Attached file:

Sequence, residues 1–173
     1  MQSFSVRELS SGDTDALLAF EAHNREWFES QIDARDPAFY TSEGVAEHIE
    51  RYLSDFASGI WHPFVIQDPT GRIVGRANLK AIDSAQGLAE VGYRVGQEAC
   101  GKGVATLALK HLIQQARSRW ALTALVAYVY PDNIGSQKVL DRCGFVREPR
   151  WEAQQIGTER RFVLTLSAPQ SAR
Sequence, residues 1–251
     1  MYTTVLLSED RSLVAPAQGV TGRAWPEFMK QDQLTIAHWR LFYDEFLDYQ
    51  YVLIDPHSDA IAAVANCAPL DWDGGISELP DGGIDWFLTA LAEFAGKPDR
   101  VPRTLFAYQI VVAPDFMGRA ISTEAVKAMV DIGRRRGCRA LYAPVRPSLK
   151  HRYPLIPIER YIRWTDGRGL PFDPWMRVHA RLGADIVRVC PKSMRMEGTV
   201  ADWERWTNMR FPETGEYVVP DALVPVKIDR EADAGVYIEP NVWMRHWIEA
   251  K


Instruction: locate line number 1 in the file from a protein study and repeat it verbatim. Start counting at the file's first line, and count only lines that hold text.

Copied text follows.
Sequence, residues 1–173